Before a cross-section of eager young aspiring Olympians and few with a little more experience, the President took a break from the rigors of policymaking to deliver a much-anticipated message to the world: the United States is more than ready to welcome athletes from around the world to the sparkling Chicago lakefront for the 2016 Olympic Games:
Sixteen days away -- we're just 16 days away from the deciding vote on which world city will host the 2016 Olympic and Paralympic Games.
So let's get right down to business here: The United States is eager to welcome the world to our shores. This nation would be honored to host the 2016 Olympic and Paralympic Games and to serve as host to thousands of athletes and millions of visitors from around the world. And within this great country of ours, there is no better city than that than Chicago, Illinois. (Applause.)
Now, I may live in Washington these days. I love Washington, D.C. And our house here is a little bigger than the one we got in Chicago. (Laughter.) But I've called Chicago home for nearly 25 years. It's a city of broad shoulders and big hearts and bold dreams; a city of legendary sports figures, legendary sports venues, and legendary sports fans; a city like America itself, where the world -- the world's races and religions and nationalities come together and reach for the dream that brought them here.
In Chicago, old and new exist in harmony. It's a city rooted in an industrial past that laid this nation's railroads, forged this nation's steel, rebuilt itself after a great fire, and reversed the course of a mighty river. And it's also a city of bustle and gleaming promise that Mayor Daley has pledged to make the greenest in America. And that's why I think that one of the most exciting parts of the Olympic and Paralympic Games is that all of the plans being made in Chicago exist within minutes of the city center; easily accessible to commerce and culture, parkland and water -- because we don't want these venues to be far-flung, all over the place. We want to host these Games where we live and work and play.
We want them in the heart of our proud city -- the city that opened the way westward in the 19th century, that showed the way skyward in the 20th century, and that is leading the way forward in the 21st century. So Chicago is ready. The American people are ready. We want these Games. We want them. (Applause.)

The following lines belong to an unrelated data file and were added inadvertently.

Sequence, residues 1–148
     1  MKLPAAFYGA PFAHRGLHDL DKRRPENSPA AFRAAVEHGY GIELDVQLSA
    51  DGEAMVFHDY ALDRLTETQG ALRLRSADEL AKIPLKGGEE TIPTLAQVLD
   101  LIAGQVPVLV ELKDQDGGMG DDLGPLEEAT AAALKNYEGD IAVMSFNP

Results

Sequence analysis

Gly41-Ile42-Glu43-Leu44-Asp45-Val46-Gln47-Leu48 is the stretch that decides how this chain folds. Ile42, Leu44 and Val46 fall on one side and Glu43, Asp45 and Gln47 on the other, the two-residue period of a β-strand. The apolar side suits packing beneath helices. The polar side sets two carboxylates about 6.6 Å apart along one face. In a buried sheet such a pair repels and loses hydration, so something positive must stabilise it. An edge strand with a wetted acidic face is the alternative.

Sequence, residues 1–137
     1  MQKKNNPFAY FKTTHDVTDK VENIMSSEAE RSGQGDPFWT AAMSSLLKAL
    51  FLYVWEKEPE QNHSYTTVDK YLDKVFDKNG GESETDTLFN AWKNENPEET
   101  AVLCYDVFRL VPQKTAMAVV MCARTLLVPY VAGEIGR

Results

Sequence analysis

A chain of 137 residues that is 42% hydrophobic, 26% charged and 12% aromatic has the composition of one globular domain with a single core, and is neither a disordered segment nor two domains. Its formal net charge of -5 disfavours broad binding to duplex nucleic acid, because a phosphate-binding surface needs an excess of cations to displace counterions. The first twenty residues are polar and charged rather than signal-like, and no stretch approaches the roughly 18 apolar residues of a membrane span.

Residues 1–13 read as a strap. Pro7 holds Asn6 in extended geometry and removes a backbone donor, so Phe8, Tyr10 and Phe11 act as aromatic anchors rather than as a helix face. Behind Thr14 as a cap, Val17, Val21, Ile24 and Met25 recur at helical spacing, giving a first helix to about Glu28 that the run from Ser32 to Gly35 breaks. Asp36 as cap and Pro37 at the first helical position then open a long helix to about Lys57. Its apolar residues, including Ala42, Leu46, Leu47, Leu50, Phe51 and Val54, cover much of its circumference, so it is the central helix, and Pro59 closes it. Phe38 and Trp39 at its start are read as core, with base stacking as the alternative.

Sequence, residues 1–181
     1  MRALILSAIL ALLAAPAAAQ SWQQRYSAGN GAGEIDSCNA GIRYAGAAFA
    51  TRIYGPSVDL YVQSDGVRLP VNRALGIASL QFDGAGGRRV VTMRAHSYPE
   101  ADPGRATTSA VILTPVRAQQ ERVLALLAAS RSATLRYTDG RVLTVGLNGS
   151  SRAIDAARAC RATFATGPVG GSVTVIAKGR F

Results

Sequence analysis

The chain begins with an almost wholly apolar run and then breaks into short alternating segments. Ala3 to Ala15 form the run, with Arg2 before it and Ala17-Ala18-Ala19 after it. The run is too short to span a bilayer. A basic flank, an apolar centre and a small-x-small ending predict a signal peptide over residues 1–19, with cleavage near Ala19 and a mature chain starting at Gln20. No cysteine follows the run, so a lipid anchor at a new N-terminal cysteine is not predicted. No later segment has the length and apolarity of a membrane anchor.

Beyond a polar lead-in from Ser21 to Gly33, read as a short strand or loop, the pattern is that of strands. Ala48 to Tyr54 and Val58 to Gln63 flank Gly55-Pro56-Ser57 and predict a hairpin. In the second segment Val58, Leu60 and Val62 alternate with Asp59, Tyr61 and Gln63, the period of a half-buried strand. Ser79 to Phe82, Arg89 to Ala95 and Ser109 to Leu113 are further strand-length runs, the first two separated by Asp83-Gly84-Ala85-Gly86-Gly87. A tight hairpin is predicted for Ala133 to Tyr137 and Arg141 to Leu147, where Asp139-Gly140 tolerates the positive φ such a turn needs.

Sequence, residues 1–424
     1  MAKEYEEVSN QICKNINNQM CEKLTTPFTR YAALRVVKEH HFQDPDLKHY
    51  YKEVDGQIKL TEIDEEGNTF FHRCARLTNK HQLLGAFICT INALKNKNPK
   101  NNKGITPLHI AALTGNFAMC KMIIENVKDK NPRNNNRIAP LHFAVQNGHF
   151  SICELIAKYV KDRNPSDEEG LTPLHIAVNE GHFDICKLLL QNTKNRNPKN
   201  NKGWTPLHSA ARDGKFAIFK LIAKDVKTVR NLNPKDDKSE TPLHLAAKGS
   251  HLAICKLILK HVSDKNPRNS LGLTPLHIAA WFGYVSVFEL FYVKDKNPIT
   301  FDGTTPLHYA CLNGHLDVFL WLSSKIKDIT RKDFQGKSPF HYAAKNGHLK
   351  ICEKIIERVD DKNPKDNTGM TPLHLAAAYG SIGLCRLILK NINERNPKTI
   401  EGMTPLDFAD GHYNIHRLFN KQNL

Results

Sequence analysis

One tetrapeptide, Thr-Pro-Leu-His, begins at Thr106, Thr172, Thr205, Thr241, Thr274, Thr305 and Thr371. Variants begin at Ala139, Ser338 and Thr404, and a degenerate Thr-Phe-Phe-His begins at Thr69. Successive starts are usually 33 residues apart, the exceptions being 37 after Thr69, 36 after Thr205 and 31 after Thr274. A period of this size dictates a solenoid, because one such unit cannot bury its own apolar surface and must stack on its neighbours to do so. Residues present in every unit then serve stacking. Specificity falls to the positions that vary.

While the President's better half, First Lady Michelle Obama, poked fun at her husband's "pathetic" fencing skills, she assured the crowd that the First Family's hometown of Chicago is the perfect place for the Olympic torch to burn brightly:
And I have to say that I'm proud of those efforts, but I am also proud of the fact that Chicago may be the host. I cannot think of a better city to host the 2016 Games than my hometown. I was born and raised on the South Side of Chicago. You probably already know that. So I know a lot about this city. We have our home so close to many of the proposed venues. We can say that we are so pumped up about this, aren't we? (Laughter.)
And I can tell you, personally, what makes Chicago the ideal home for the 2016 Games and I'm very excited to be able to do that in Copenhagen. It's not just the infrastructure or the resources of the city, and it's not just the beautiful parks, because there are many. It's not that gorgeous lakefront that so many will see during the Olympic Games. And it's not just the excellent public transportation and the accommodations. What makes Chicago such a great host is its people. It's truly the people.
Read the entire transcript of the President and First Lady's remarks here